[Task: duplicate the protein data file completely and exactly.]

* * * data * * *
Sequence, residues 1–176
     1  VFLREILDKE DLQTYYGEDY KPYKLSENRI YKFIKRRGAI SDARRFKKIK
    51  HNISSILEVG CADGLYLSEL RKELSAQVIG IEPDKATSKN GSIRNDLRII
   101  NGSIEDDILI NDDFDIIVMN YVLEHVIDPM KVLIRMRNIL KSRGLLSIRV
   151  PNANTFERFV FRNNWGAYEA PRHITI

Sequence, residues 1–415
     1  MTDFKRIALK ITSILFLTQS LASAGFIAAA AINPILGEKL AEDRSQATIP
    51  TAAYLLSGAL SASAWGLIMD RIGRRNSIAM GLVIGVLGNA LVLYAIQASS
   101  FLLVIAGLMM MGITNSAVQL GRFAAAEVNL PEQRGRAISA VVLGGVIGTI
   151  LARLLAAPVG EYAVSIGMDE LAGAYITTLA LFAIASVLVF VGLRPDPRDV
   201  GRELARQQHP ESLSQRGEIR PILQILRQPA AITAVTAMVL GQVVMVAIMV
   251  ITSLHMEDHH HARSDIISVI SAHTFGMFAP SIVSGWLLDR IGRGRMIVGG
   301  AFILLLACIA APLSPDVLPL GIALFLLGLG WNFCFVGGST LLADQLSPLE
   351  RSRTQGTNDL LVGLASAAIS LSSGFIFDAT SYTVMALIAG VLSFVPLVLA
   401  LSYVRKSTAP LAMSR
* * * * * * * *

Sequence, residues 1–176
     1  VFLREILDKE DLQTYYGEDY KPYKLSENRI YKFIKRRGAI SDARRFKKIK
    51  HNISSILEVG CADGLYLSEL RKELSAQVIG IEPDKATSKN GSIRNDLRII
   101  NGSIEDDILI NDDFDIIVMN YVLEHVIDPM KVLIRMRNIL KSRGLLSIRV
   151  PNANTFERFV FRNNWGAYEA PRHITI

Sequence, residues 1–415
     1  MTDFKRIALK ITSILFLTQS LASAGFIAAA AINPILGEKL AEDRSQATIP
    51  TAAYLLSGAL SASAWGLIMD RIGRRNSIAM GLVIGVLGNA LVLYAIQASS
   101  FLLVIAGLMM MGITNSAVQL GRFAAAEVNL PEQRGRAISA VVLGGVIGTI
   151  LARLLAAPVG EYAVSIGMDE LAGAYITTLA LFAIASVLVF VGLRPDPRDV
   201  GRELARQQHP ESLSQRGEIR PILQILRQPA AITAVTAMVL GQVVMVAIMV
   251  ITSLHMEDHH HARSDIISVI SAHTFGMFAP SIVSGWLLDR IGRGRMIVGG
   301  AFILLLACIA APLSPDVLPL GIALFLLGLG WNFCFVGGST LLADQLSPLE
   351  RSRTQGTNDL LVGLASAAIS LSSGFIFDAT SYTVMALIAG VLSFVPLVLA
   401  LSYVRKSTAP LAMSR